Manchester Sen. Lou D’Allesandro has once again attempted to authorize casino gambling at two locations in New Hampshire after 18 years of trying. It was just last Thursday that Senate Bill 242 cleared the Senate during in a bipartisan 13-10 vote. The same is now needed to be cleared by the five-member Senate Finance Committee so as to proceed to the House. D’Allesandro, who has been fighting a long battle for so many years said on Monday, “If we have to bring it back to the Senate floor and pass it again, that’s what we’ll do.”
However, at this juncture, its prospects are uncertain as three out of the six senators on the floor of the Senate of the Finance Committee have voted against the gambling bill. In the regime of the Democrats in the closest New Hampshire, casino gambling has ever been to legalizing in 2014. It was again in 2014, the bill failed just by one vote in the House, 173-172, in spite of the support from the governor and the Senate.
Senate Bill 242 calls for two casinos, which are one category-one license and one category-two license. The license of the first category is placed at $80 million, which will allow for 80 to 160 table games and 2,000 to 3,500 slot machines. On the other hand, the Category 2 license costs will be $40 million and it will allow for 25 to 80 table games and 750 to 1,500 slot machines. All the money would go to the host communities, neighbouring towns and the host county. It would also enable the state to resume a revenue sharing program with cities and towns.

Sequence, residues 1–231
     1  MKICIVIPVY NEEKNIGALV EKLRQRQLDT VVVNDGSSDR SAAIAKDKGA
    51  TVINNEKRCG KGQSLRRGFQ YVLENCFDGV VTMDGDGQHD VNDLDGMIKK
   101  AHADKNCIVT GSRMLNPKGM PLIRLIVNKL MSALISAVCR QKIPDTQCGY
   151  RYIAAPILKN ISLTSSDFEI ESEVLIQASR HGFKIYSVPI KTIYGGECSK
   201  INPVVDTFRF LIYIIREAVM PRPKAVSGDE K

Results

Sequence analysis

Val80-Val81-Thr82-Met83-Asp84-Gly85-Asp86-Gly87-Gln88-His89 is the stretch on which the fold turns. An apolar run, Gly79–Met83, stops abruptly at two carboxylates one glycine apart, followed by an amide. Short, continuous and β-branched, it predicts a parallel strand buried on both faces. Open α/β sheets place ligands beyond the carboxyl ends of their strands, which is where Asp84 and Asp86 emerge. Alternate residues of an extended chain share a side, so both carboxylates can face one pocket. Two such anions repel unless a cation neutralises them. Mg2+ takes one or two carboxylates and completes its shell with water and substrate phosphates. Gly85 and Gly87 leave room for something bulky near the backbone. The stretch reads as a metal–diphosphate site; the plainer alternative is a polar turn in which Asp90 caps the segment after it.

The good part of the bill is that it would prohibit the use of Electronic Benefit Transfer (EBT) cards at casinos. In addition, it would fund to the gambling addiction recovery programs. The latest update on the story till now is that Attorney General and the Casino Free NH organization are opposing the bill. They have already successfully fought off previous efforts. However, D’Allesandro has to say, “How can 424 people in the Legislature deny the public what it wants, and deny it repeatedly?”
D’Allesandro is very optimistic this time. According to him, “I have reason to believe that if I can talk to them, and I’ll go to them one on one, we have a good chance. There are no big outside lobbyists involved now. We are talking about something that’s totally New Hampshire. I have no ulterior motive but to do what I think is in the best interest of the state.”